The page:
Australia to ban certain websites

The federal government of Australia is considering banning its citizens from viewing a list of 10,000 websites that it deems objectionable. Specifically, the the Minister for Broadband, Communications and the Digital Economy said that the list of banned websites will include:

sites containing child sexual abuse imagery, bestiality, sexual violence, detailed instruction in crime, violence or drug use and/or material that advocates the doing of a terrorist act.

Now, I’m all for getting rid of child pornography.  But banning a list of 10,000 websites will not do a thing to stop the child pornography industry.  People in Australia who want to view it will still do so, either using proxy servers or visiting any of the multitude of websites that aren’t on the banned list.  It is really just a stunt, aimed to convince people that their government is trying to do something to prevent child pornography without actually doing anything.  Instead of trying to really address the situation, by prosecuting those who create, distribute, or view child pornography, their merely assuaging their own guilt and scoring political points while doing so.  Whipping up a list with some websites on it and blocking them is easy; actually doing something about the problem of child pornography in the world is very hard, requiring the cooperation of the entire world, and apparently not something the Australian government wants to do.

It also sets a dangerous precedent. An older list, obtained by Wikileaks and containing 2,000 websites, included such things as “the websites of a dentist from Queensland, a pet-care facility in Queensland, and a site belonging to a school cafeteria consultant.” Not only does this blocklist carry the risk of accidentally banning perfectly legitimate sites, but it could also lead to the government banning other sites in the public’s interest.  It is a slippery slope to full on censorship, and not one we want to get even close to.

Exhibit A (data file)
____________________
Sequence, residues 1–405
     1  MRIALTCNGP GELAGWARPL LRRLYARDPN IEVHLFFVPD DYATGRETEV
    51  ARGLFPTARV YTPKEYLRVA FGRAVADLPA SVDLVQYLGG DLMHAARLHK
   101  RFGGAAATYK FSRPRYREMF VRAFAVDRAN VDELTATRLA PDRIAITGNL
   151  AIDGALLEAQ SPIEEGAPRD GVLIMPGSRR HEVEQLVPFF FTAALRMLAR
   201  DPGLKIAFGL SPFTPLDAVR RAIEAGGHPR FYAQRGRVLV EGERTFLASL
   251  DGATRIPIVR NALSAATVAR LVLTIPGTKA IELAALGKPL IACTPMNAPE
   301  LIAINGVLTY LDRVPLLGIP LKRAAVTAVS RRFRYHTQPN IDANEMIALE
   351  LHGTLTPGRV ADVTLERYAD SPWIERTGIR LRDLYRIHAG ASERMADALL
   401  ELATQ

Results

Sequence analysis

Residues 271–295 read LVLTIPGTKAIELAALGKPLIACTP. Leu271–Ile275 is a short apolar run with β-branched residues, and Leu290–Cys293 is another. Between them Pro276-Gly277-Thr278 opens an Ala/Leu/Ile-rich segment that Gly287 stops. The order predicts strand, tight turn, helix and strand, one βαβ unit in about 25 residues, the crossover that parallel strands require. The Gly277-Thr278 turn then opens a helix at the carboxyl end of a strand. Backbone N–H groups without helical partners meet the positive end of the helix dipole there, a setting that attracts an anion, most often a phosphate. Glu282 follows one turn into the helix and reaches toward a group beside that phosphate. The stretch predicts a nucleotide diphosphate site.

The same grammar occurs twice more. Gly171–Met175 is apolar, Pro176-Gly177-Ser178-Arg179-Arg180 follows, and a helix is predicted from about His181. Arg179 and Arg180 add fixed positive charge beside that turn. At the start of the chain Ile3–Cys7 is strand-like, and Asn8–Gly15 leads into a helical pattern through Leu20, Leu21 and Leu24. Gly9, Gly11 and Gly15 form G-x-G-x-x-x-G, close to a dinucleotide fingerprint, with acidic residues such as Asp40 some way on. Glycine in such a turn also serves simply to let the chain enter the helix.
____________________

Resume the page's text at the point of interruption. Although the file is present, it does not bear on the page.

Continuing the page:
Final master’s paper

I’m finally finished with my master’s paper!  The title ended up being “‘Finding What, You Know?’: A Content Analysis of the Websites of Archival Repositories for Markers of Archival Intelligence.”  Here’s the abstract if anyone wants to read it; it will be available online from the SILS website sometime over the summer.  I’ll link to it when it is available.

This study is a content analysis that investigates whether the user education resources available on the websites of archival repositories reflect an understanding of Archival Intelligence. This was done by analyzing the websites of thirty archival repositories, selected from the list of the member institutions of the Association of Research Libraries. The findings of the study indicate that the websites of most archival repositories do not reflect an understanding of Archival Intelligence. The study also suggests that archival repositories are not currently taking advantage of the Internet as a medium for user education, which is necessary in a time where the only interaction many users have with an archival repository is through its website.

I’ve also attached it to this post, if anyone wants to read it.  I’m also going to maybe start posting here again more often, but I’ve said that before.

“Finding What, You Know?”: A Content Analysis of the Websites of Archival Repositories for Markers of Archival Intelligence

Update: Now updated with actual working link to my paper.